MMI’s latest study on the impact of the Financial Transaction Tax (FTT) reveals a definitive conclusion:
The proposed FTT is a Retirement Tax on American savers.
Our in-depth analysis revels that the revenue generated from this tax would come directly from the pockets of Main Street investors saving for retirement, college, and other life milestones. Our report looks at the economic impact of the FTT, proposed in the Inclusive Prosperity Act of 2019 (S. 1587), on a number of savings vehicles utilized by the average investor. The findings highlight the devastating impact this tax would have on American savers, including:
$19 million in annual FTT on 529 College Savings plans, or the equivalent of a year of full in-state tuition for 1,900 students at a public university;
$24 million in annual FTT for a single public university endowment with $20 billion AUM, or the equivalent of 3,227 college scholarship in a given year;
$64,232 in annual FTT over the lifetime of a 401k account, or the equivalent of delaying the average individual’s retirement by two years; and,
$132 million in annual FTT for the typical state public pension plan with more than $68 billion in assets under management.
View the full report, A Study on the Effects of a Retirement Tax/Financial Transaction Tax on Retirement Security, College Savings and University Investments, below:
Our CEO Kirsten Wegner discusses the Retirement Tax and its impact on savers:
It's National 529 College Savings Plan Day – but watch out for new Dem tax proposals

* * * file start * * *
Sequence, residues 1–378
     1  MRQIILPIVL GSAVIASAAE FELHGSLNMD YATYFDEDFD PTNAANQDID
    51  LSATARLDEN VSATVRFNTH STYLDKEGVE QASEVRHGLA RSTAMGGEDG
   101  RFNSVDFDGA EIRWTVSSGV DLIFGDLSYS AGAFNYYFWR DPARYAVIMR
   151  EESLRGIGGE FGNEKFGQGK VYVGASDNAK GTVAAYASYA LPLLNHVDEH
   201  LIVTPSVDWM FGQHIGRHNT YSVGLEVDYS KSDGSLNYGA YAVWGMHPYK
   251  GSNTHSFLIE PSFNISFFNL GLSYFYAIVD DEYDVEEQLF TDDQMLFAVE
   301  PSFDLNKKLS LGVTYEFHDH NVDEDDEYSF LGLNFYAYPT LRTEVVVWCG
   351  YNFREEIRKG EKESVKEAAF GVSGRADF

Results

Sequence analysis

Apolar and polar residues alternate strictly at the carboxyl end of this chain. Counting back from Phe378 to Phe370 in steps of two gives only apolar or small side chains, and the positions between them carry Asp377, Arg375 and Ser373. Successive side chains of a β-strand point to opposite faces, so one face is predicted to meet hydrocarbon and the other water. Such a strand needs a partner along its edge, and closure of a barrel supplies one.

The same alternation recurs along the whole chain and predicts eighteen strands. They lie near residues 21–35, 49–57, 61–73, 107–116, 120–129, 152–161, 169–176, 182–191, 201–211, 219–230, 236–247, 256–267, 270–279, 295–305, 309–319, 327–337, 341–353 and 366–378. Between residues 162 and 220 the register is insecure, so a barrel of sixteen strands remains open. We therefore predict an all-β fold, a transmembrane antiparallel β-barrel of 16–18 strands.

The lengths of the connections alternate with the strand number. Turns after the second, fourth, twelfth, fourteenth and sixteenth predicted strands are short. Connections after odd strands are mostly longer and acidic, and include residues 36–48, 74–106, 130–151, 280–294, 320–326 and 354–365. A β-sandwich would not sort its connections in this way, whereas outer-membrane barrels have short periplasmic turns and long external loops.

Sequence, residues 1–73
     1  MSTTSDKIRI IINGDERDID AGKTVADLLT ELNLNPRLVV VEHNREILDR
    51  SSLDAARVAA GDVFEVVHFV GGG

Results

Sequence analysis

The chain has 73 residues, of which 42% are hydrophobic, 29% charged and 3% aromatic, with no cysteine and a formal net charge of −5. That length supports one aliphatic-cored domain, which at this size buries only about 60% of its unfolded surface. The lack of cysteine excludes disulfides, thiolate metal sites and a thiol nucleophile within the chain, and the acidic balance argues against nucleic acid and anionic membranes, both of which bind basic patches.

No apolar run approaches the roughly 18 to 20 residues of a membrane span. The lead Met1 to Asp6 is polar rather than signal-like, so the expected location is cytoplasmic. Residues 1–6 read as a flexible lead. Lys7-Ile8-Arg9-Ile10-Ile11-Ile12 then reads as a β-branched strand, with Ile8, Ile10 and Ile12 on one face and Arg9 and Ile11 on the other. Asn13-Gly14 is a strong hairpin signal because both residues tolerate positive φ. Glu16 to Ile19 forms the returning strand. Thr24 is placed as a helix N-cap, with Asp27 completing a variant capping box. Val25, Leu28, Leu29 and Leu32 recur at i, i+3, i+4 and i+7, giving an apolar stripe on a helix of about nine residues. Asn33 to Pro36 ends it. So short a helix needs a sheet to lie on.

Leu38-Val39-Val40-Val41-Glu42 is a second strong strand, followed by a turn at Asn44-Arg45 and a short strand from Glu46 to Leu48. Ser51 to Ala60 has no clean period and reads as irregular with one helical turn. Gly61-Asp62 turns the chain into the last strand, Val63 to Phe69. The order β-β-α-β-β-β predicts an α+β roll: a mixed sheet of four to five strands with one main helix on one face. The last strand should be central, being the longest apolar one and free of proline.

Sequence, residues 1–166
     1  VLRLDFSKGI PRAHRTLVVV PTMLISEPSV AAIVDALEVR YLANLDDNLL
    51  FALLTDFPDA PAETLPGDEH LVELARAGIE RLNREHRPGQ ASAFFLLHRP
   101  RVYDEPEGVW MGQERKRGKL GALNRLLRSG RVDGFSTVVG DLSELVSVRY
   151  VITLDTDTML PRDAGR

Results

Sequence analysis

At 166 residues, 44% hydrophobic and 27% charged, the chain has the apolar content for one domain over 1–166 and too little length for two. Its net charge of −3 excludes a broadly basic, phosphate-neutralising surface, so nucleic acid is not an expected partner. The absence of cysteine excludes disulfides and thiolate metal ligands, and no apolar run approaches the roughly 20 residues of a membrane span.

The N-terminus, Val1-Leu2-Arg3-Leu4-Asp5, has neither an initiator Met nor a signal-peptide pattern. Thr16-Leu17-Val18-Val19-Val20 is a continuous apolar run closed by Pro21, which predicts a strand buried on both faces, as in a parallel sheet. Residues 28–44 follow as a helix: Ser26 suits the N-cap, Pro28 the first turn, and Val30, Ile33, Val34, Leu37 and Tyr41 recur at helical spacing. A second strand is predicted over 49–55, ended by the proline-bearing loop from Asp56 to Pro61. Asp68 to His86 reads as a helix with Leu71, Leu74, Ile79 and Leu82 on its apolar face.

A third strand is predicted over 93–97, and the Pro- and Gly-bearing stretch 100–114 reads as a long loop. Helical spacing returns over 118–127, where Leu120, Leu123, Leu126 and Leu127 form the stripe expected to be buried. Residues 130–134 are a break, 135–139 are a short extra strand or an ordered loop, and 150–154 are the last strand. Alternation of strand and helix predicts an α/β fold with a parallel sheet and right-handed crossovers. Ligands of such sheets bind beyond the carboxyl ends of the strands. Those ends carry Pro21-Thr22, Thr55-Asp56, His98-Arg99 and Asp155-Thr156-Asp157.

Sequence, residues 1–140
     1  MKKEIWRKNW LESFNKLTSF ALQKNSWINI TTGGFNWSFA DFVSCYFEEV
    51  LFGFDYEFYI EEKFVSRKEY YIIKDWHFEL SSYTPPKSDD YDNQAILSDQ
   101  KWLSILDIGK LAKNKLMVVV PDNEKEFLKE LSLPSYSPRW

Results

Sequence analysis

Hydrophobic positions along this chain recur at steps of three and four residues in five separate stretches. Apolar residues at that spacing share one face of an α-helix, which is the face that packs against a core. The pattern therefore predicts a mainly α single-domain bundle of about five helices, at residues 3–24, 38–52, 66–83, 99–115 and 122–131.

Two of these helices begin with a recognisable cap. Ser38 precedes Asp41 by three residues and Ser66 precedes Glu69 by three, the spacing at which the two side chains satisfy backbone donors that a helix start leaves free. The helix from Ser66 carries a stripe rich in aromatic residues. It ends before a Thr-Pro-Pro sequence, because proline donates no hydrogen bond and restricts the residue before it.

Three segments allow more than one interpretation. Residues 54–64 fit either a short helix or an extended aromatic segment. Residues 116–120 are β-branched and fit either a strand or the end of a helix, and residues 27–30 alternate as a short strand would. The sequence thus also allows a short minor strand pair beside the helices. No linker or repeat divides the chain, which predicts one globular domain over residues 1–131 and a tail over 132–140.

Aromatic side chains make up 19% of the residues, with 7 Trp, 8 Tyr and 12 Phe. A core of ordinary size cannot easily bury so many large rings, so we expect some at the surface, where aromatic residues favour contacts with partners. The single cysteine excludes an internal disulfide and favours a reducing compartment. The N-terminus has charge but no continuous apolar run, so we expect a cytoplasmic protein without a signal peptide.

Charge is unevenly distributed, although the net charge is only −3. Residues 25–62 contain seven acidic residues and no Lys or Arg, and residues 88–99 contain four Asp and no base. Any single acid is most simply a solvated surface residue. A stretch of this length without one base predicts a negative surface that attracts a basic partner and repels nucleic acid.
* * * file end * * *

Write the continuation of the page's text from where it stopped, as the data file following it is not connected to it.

Wednesday is National 529 College Savings Plan Day – but you might want to think twice before celebrating.
The 529 plans are widely perceived as an incredibly helpful tool for families attempting to save for the mounting cost of a college education. In fact, 2018 was a record year for these savings plans, with 44 percent of parents utilizing a 529 account for college savings.
US financial transaction tax would put unfair burden on savers.
As Democrats start positioning themselves for the 2020 US presidential campaign, it is clear that Wall Street is firmly in their sights.
Along with touting proposals for wealth and income taxes aimed at the affluent, some Democrats on Capitol Hill last week unveiled a bill to impose a financial transaction tax. This particular revenue raiser, beloved by leftists in Europe, would levy a 0.1 per cent tax every time a share, bond or derivative changes hands.
Let's Not Tax Colleges To Pay For College Tuition
Imagine this: free college tuition for everyone, and all we have to do is impose a tiny tax on big-money financial institutions when they buy and sell shares of stock. Maybe that sounds good on the surface, but it doesn’t pass a freshman economics class.
Pension funds cannot afford Sanders' tax on financial transactions
Institutional investors continue to navigate a challenging landscape marked by geopolitical risks, low yields and sizable long-term obligations. Now, coming from Sen. Bernie Sanders, I-Vt., is another challenge posed by the so-called financial transaction tax included in the Inclusive Prosperity Act of 2017.